Sport: Auto Racing
Born: November 11, 1886
Died: September 10, 1983
Alice Taylor Huyler was born November 11, 1886 is New Barbadoes, which was known by the locals as Hackensack until its name became official in 1921. Alice was the bright and adventurous daughter of an affluent lumber dealer. Alice graduated from Vassar College in 1905 and married prominent lawyer John Ramsey, the longtime County Clerk and later a U.S. Congressman.
One day, John’s horse was startled by an automobile. He foresaw the day when all horses would be replaced by the horseless carriage and purchased a car for Alice. She became obsessed with her gift and logged thousands of miles on the dirt roads of Northern New Jersey. She also became the president of the Empire Steering Club, an organization of female driving enthusiasts.
In 1909, Alice competed in a 200-mile race on Long Island. A representative from the Maxwell Briscoe Automobile Company admired her driving and proposed an audacious publicity stunt: an all-woman cross-country trip in a Maxwell to prove the safety and reliability of his product.
On June 9, surrounded by photographers and legions of curiosity-seekers, Alice set off on her epic journey, accompanied by a 16-year-old friend, Hermine Jahns, and her two 40-something sisters-in-law, Nettie Powell and Margaret Atwood. All four women wore driving goggles and dusters. It had been only 6 years since the first cross-country trip has been completed, by Dr. Horatio Jackson.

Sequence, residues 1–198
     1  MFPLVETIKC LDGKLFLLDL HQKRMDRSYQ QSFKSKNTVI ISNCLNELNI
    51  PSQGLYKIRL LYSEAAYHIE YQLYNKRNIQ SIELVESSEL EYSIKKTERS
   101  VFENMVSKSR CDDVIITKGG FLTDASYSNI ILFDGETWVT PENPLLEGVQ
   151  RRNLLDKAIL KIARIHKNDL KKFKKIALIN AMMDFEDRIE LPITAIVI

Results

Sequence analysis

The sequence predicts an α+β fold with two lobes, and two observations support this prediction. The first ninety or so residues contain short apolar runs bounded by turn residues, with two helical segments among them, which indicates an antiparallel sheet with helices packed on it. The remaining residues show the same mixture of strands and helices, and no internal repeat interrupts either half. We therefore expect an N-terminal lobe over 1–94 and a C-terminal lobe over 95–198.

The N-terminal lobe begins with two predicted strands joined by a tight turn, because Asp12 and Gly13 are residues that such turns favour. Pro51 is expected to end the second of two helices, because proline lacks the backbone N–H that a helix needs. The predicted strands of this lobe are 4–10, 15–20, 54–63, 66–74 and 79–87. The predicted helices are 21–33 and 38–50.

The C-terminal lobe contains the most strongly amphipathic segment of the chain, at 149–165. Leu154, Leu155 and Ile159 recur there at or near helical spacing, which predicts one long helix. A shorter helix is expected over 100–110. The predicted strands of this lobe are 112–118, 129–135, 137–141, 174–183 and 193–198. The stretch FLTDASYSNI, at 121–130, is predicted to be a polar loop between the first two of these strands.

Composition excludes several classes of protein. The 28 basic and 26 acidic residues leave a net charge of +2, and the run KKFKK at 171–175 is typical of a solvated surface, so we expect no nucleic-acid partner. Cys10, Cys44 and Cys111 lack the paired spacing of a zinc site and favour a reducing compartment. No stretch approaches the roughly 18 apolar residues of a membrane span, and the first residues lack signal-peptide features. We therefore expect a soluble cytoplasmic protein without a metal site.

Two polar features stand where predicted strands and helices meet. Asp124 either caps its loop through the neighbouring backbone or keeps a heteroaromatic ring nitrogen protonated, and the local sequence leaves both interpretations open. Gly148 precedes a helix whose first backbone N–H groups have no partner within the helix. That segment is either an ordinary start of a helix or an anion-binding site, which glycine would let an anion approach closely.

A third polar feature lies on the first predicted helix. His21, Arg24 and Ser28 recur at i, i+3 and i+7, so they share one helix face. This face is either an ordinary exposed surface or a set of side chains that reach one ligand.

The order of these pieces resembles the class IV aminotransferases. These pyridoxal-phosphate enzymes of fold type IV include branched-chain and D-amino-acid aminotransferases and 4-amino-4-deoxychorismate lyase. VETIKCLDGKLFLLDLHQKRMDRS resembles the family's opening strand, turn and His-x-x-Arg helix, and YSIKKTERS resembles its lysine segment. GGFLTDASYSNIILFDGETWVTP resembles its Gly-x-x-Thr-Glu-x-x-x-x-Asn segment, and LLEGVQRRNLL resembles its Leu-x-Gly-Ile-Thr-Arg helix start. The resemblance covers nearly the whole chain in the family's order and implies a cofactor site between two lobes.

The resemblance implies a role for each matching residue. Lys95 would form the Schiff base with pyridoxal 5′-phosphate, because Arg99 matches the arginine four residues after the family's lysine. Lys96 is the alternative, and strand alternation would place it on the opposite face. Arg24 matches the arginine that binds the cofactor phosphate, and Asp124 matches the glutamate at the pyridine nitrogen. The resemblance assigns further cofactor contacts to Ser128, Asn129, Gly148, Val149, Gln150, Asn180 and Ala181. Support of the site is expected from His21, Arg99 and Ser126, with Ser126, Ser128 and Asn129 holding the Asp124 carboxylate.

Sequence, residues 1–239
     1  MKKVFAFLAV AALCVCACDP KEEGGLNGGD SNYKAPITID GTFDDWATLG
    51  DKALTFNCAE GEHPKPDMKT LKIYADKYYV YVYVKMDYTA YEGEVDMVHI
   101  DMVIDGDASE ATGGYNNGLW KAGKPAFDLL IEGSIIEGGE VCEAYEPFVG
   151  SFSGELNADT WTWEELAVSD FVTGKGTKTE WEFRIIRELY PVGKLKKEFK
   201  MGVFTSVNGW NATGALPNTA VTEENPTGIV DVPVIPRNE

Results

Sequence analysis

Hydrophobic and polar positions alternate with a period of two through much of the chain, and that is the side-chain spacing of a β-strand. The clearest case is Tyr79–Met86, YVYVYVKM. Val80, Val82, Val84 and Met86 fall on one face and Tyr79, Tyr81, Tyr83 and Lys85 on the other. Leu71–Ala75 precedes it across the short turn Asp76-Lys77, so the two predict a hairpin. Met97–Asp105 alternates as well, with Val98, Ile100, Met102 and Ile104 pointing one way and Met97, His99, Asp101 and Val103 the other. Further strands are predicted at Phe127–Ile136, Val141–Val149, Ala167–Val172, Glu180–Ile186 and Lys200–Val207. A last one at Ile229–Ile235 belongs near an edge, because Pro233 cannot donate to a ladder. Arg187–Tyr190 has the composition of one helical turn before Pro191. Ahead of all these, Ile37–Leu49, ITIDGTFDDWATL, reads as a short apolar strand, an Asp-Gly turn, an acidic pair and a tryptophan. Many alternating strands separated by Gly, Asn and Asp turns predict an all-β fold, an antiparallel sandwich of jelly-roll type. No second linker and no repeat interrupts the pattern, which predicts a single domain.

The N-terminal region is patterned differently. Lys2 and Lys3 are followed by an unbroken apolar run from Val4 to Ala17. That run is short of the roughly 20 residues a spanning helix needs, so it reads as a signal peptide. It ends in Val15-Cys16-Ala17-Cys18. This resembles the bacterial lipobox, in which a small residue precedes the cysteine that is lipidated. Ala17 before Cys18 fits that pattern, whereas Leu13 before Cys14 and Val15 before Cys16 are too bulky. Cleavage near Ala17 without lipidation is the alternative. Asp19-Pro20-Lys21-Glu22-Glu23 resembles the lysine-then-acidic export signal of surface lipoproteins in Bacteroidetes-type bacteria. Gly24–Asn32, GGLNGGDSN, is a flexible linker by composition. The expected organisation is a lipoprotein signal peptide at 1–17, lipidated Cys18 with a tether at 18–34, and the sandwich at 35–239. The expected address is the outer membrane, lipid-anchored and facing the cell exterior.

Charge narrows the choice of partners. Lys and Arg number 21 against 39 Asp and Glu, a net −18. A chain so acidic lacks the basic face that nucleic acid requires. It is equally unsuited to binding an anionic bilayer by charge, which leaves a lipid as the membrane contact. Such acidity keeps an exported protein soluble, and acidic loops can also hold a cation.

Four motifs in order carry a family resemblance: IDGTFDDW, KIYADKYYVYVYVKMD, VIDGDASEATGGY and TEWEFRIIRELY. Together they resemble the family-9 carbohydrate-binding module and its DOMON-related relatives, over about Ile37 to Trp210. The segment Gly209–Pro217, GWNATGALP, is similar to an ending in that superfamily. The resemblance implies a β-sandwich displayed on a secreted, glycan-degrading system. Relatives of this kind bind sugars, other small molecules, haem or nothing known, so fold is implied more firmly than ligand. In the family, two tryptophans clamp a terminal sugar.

Fifty-nine days and 3,800 miles later, Alice arrived in San Francisco, becoming the first woman to drive across the country. She had no maps and only a rudimentary knowledge of mechanics, but with the help of her travel companies managed to fix flats and make minor repairs along the way. Their top speed was 42 miles per hour, although typically the going was much slower. They used landmarks to navigate, as road signs and route numbers were not in common use. When they got lost they followed the telegraph poles with the greatest number of wires on them.
Alice returned to New Jersey by train, but she was hooked. She complete more than 30 cross-country drives in her life. She lived to the age of 96 and published a book about her journey—Veil, Duster and Tire Iron—in 1960. In 2000, she became the first woman inducted into the Automotive Hall of Fame.